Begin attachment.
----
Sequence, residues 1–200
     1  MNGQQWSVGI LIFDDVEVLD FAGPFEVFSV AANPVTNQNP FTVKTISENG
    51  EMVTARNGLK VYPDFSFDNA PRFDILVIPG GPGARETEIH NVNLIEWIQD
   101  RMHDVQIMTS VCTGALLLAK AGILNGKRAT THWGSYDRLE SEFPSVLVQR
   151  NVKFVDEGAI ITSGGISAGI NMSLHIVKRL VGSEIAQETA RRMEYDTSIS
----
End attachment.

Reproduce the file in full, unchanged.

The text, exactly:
Sequence, residues 1–200
     1  MNGQQWSVGI LIFDDVEVLD FAGPFEVFSV AANPVTNQNP FTVKTISENG
    51  EMVTARNGLK VYPDFSFDNA PRFDILVIPG GPGARETEIH NVNLIEWIQD
   101  RMHDVQIMTS VCTGALLLAK AGILNGKRAT THWGSYDRLE SEFPSVLVQR
   151  NVKFVDEGAI ITSGGISAGI NMSLHIVKRL VGSEIAQETA RRMEYDTSIS